Much Ado About Nothing
Posted by jsoliver on February 14, 2007
From 1989 to 1998, NBC aired a sitcom that shouldn’t have gone over well. Broadcasting to a nation that was largely conservative, Christian, and populated by millions simple folks, one mightn’t expect much to come from a show whose very essence exuded a distinct brand neurotic New York Jewiness. But somehow Seinfeld became the flagship sitcom of the nineties, in spite of its nature as a definite acquired taste. How millions of people managed to acquire that taste, however, might have to do with the fact that Seinfeld spoke to the neurotic New York Jew in us all.
But seriously, what’s up with that?
Actually, it’s really not so hard to fathom. Brandon Tartikoff, an NBC executive in 1989, claimed confidently it was just “too Jewish” for broadcast television (his words, not mine). But although on a superficial level Seinfeld was typical of that particular brand of humor (particularly in terms of characters who were paranoid, obsessive-compulsive, cheap, liberal, neurotic, and paradoxically atheist), it was at its heart a show about social values and how they affect us all. There was not a single episode in which one of the main conflicts did not hinge on a debate over some particular social nicety.
Week after week, Jerry, George, Elaine, and Kramer would, for lack of a better phrase, get into misadventures. If the idea behind drama is to take the stakes as close to life-and-death as possible, then Seinfeld took it upon itself to break every aspect of that rule: indeed, it wasn’t important the little old lady upstairs died, because all that mattered was that Elaine could get her apartment for a bargain price. By avoiding larger issues such as death, politics, love, life, or any of the other themes that a higher form of art might try to address, Larry David and Jerry Seinfeld did their best to make mountains out of molehills. Does it matter than Elaine’s boyfriend, a devout Christian, believes that she’s going to hell? No, what matters is how she’ll be able cope with dating a Christian, and more importantly, break up with him.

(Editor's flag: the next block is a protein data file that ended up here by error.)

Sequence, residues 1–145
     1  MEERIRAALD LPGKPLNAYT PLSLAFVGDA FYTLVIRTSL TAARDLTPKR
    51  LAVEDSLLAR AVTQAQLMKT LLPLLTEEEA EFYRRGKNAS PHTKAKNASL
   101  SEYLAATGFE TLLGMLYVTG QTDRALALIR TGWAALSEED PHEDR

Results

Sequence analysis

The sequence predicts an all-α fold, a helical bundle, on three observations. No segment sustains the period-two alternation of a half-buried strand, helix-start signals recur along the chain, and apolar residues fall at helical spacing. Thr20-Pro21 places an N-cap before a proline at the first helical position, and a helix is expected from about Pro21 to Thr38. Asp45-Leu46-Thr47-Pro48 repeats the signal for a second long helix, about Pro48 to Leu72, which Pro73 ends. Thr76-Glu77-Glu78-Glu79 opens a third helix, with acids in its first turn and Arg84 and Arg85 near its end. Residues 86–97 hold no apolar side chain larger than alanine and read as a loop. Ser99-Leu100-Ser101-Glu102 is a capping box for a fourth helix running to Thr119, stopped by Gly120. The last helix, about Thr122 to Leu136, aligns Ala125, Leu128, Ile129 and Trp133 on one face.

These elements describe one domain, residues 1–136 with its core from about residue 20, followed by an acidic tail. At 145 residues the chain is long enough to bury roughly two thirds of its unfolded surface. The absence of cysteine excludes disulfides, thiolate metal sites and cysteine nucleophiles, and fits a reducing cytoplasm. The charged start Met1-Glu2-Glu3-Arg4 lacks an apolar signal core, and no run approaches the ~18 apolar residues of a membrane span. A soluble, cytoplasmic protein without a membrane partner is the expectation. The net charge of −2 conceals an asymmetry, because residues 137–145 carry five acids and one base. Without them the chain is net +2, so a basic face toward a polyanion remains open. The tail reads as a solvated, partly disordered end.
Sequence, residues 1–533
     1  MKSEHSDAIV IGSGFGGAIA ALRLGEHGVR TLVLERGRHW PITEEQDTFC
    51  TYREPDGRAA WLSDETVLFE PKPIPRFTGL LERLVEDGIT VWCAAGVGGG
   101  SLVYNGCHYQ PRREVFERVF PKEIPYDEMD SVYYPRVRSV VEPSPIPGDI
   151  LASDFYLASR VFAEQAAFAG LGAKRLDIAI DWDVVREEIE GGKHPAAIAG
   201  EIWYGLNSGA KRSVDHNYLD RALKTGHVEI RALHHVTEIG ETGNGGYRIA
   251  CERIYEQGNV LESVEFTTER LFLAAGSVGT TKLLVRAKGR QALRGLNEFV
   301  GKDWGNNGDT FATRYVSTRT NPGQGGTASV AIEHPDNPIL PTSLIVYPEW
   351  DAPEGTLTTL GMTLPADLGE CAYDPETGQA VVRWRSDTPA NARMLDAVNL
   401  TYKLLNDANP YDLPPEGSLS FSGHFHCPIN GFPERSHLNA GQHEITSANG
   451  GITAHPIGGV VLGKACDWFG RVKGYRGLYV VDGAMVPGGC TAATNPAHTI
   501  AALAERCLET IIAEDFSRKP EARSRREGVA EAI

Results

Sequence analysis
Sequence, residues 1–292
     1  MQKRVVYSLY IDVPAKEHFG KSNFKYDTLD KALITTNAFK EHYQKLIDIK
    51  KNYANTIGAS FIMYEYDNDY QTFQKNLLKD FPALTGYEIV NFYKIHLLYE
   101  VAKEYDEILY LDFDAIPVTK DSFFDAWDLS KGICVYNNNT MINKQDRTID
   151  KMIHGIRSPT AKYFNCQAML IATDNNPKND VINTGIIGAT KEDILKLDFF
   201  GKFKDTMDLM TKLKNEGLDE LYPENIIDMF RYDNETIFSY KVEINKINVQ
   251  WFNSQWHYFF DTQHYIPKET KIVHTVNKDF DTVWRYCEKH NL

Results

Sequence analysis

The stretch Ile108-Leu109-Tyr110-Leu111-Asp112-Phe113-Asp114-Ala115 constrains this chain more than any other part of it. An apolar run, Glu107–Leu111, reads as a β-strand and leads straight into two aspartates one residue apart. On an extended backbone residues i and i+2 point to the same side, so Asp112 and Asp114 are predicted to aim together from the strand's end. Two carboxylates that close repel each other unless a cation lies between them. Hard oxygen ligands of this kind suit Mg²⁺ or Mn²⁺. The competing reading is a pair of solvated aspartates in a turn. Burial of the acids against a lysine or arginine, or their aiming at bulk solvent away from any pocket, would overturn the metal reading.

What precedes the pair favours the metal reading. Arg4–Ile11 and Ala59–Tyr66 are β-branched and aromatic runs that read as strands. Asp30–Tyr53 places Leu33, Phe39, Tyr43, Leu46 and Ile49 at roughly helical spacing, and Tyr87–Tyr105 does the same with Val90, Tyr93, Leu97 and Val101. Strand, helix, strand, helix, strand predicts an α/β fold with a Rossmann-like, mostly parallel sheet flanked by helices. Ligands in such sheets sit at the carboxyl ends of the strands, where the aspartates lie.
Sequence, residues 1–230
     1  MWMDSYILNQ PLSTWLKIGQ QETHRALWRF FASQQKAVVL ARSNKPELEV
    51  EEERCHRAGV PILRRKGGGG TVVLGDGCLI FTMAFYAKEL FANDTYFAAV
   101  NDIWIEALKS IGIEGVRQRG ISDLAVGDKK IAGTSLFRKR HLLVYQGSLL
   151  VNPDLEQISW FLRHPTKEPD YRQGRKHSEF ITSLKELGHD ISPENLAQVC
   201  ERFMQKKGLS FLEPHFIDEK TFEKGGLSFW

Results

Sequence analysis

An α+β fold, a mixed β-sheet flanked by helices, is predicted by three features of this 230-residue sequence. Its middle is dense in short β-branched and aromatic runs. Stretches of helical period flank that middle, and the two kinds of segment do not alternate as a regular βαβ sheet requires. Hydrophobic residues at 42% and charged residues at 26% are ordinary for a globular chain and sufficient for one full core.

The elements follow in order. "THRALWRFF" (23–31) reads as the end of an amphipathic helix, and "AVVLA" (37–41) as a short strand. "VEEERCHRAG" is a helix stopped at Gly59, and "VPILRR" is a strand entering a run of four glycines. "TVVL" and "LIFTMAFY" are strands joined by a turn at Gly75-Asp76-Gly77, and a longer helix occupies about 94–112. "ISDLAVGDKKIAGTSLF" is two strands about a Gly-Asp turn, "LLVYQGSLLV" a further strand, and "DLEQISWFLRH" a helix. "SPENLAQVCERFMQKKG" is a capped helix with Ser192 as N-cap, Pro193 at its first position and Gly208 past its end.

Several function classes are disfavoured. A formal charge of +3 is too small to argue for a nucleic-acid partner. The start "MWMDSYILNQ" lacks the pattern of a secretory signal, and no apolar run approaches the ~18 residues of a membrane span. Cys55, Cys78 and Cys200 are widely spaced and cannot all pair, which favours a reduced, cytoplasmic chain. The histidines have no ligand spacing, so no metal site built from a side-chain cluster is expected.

One of the major social themes addressed in Seinfeld is dating and relationships. It should be pointed out that love is not one of those themes. Indeed, relationships and love very rarely coincide in Seinfeld’s version of Manhattan. Again, this is not because love isn’t a theme worth exploring, but rather because the social interaction between people in the name of love is also a theme worth examining. This is really why this show was able to gain such an audience; whether we admit it or not, we’ve all found ourselves guilty of obsessing more over our interaction with members of the opposite sex rather than our actual feelings for them. The four friends rarely discuss whether or not they love someone, but quite often ponder the nuances of how a girl will interpret an ineptly-recorded answering machine message. Similarly, college students in today’s world might spend hours calculating exactly what to write in a masterfully-scribed Facebook message to that certain special someone.
This is why I find the assertion that Seinfeld was “a show about nothing” a little misleading. True, its main conflicts are almost always derived from some sort of triviality. But this really is a reflection of how so many of us actually are in everyday life. Jerry and George can’t see the forest for the trees (or in many cases, for the leaves or the twigs), and we laugh at them for their neuroses. But we do the exact same thing with almost the same frequency. Because of this, Seinfeld is different from many other artistic endeavors. It’s easy to find a film or a book that addresses the meaning of life or the nature of the universe, usually with characters that are supposed to represent mankind to some degree. But really, how often do we, real people, actually take time away from our busy lives to examine such unanswerable questions? Compared to the amount of time we spend discussing things such as the underrated virtue of Postum, it’s fairly miniscule. Combine that with time for sleeping and eating, and for most of us it almost disappears entirely. That’s why Seinfeld is important to our culture: because it’s about us. It’s not about how we see ourselves, or what we aspire to be; it’s about what we are, here and now. And although it may be buried under levels of sardonic humor and absurd situations, we can still recognize it for what it is.
Therefore, Seinfeld is not a show about nothing. Not really. It’s actually a show about everything, or at least, a show about everything that’s important to us. Maybe the idea behind the whole show was that everything that’s important to us is actually nothing worth worrying about, but that leads to the debate as to whether something can be everything and nothing at the same time. The question is far too complex to address here, but there’s a nifty book out there called Seinfeld and Philosophy for anyone who might care to look further into the matter.
Admittedly, I’m biased. I grew up watching Seinfeld for as long as I can remember, and have a certain nostalgic affinity for it. It probably had as much to do with shaping my sense of humor as any other aesthetic experience (and since humor plays a role in every way I approach the world, perhaps one could say that Seinfeld changed the way I see life, but that sounds a bit sad). Furthermore, it is a stone cold fact that Jerry Seinfeld single-handedly taught me what the papacy, the Nazi Party, and One Hour Martinizing were. Although admittedly, he didn’t tell me which one was more important. As a result–and this is not to brag–I was smarter than the other kids growing up. Thank you, Jerry and Larry, for making me pompous and neurotic at an early age. How can I ever repay you?